Category Archives: medtech

topic is about medical technology of different types, describing specific products under development, the market for them or their impact on healthcare

Requirements for effective surgical sealants

Tourniquet, pressure and sutures have been used for controlling excessive bleeding during surgical procedures for many hundreds of years. Fibrin sealants represented a revolution in local hemostatic measures for both bleeding and nonbleeding disorders. Fibrin sealant has the potential to provide life-saving control of excessive bleeding in many critical surgical operations and during a number of elective procedures. The terms “sealant” and “glue” are frequently used interchangeably in the surgical context, but there is actually a difference in adhesive strength between sealants, pioneered by fibrin products (sometimes homemade) and the later, stronger glues of which cyanoacrylate-based products were the leaders.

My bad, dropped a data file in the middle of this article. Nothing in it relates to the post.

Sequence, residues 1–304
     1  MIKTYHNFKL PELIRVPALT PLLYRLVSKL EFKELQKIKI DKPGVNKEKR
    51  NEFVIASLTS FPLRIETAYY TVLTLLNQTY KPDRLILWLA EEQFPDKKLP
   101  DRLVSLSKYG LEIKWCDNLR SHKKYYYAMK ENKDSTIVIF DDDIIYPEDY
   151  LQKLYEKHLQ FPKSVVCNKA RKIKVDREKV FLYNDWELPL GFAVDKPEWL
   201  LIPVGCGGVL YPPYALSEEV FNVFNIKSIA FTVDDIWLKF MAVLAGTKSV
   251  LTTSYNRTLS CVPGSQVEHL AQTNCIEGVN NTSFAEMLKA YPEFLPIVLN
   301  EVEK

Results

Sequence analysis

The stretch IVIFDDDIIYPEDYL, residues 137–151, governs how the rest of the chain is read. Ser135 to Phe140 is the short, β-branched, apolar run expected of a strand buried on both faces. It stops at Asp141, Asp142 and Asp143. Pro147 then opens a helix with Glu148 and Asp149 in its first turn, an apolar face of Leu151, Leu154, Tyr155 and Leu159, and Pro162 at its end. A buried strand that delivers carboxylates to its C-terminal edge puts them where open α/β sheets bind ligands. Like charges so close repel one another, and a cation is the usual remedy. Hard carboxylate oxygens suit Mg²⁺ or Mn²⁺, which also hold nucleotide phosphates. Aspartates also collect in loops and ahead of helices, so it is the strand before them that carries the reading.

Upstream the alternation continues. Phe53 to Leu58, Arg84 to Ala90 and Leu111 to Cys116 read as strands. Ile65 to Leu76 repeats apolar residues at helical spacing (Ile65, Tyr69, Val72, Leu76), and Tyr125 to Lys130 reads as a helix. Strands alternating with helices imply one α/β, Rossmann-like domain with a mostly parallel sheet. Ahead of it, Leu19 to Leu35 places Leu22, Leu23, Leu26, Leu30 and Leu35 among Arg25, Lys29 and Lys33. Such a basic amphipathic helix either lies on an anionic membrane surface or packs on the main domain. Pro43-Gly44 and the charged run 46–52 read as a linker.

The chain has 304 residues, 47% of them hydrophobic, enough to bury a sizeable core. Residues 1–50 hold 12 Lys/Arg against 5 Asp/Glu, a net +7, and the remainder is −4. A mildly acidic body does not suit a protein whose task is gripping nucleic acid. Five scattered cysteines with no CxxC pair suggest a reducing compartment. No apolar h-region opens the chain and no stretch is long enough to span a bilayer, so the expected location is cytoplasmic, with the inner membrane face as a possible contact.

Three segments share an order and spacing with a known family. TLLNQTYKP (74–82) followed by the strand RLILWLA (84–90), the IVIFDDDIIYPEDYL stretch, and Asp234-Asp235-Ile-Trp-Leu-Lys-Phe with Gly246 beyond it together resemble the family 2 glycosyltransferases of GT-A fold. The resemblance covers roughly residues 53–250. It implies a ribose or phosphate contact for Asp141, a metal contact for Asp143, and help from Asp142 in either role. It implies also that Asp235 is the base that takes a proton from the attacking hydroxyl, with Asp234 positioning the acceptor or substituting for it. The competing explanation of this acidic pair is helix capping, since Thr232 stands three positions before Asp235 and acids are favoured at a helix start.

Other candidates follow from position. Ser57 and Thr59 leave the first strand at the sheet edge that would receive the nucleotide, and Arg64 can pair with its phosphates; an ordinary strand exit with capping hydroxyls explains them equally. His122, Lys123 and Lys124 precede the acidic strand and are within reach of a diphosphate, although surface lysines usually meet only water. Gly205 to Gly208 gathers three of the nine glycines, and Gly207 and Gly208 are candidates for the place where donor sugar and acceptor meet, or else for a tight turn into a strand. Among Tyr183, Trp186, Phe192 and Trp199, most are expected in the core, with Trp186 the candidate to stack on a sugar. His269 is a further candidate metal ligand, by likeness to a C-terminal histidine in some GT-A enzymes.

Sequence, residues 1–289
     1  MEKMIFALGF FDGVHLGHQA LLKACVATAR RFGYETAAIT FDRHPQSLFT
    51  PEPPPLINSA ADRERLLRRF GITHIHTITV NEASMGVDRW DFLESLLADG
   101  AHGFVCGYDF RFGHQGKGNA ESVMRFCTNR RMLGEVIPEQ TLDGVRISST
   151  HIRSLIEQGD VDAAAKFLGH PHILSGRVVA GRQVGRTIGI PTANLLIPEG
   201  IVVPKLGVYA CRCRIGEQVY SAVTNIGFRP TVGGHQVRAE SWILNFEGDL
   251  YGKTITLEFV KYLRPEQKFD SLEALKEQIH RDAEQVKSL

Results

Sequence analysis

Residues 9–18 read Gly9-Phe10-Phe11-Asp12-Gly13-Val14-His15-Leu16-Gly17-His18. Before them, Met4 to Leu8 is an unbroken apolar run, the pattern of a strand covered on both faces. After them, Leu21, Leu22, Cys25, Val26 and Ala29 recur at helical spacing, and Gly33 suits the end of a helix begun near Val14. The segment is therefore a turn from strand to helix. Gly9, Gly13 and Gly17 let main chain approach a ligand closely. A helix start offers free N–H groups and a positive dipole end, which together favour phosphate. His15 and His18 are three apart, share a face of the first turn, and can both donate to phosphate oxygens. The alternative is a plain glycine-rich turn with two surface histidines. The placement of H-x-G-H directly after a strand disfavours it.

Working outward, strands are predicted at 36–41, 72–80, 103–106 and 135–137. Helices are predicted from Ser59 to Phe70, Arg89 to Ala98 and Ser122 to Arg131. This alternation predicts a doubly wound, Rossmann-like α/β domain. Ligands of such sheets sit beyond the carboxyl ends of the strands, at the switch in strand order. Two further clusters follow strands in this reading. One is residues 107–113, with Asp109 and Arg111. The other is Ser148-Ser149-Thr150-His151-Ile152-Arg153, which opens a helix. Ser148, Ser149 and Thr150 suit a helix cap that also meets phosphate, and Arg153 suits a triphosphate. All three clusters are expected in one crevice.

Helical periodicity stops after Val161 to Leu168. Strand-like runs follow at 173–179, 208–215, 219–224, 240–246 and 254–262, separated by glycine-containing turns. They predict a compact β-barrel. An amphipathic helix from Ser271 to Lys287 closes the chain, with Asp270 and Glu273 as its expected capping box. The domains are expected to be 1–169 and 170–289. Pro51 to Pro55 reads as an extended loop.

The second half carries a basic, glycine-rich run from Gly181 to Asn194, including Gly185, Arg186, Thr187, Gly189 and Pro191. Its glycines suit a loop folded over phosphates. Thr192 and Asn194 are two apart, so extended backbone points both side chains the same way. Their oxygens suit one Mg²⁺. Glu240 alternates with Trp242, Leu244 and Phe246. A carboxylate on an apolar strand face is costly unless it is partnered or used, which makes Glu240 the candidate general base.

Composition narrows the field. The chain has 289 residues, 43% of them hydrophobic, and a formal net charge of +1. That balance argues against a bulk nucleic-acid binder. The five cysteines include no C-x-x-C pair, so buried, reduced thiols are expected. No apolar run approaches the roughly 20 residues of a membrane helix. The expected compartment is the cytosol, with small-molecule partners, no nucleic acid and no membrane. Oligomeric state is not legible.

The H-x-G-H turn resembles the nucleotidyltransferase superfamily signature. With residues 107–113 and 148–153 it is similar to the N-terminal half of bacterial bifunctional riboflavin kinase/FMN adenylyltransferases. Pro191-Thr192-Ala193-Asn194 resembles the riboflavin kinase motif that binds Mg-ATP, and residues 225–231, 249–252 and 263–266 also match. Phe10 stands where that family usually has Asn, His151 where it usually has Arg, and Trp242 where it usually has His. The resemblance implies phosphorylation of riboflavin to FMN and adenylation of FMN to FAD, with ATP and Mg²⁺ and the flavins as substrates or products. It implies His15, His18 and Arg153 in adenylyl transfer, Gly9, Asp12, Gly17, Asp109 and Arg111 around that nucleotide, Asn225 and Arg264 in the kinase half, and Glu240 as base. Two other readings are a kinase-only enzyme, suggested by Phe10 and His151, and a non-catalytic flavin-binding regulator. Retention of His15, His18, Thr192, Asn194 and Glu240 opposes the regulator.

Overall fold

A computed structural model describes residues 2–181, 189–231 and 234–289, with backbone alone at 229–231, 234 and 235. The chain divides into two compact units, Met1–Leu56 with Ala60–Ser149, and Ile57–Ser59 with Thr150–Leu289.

In order for a sealant to be effective, the product should meet several parameters, depending upon the application. Among these are:

  • Ability to close the wound
  • Strength of bond
  • Speed of curing
  • Protection of the wound from infection
  • Low surface friction
  • Breathability in order to aid healing
  • Lack of adverse side effects to skin and internal tissues
  • Cost-effectiveness
  • Ease of handling

Fibrin and other sealant products have been approved and used outside the United States for many years and their use has created strong awareness of their surgical and economic benefits in Europe, Latin America and Asia. As a result, many such products have been marketed in these regions for 20 years or more, and have been developed for a variety of surgical uses. In the U.S., these products were initially approved as hemostatic adjuncts to suturing. They are increasingly being used for sealing of tissues, but their use beyond hemostasis (i.e., as sealants and low-strength glues) lags that of markets outside the U.S.

There are more than 30 companies worldwide developing fibrin sealants and driving a market that will exceed $2.2 billion by 2017.


 Source: MedMarket Diligence, LLC; Report #S190.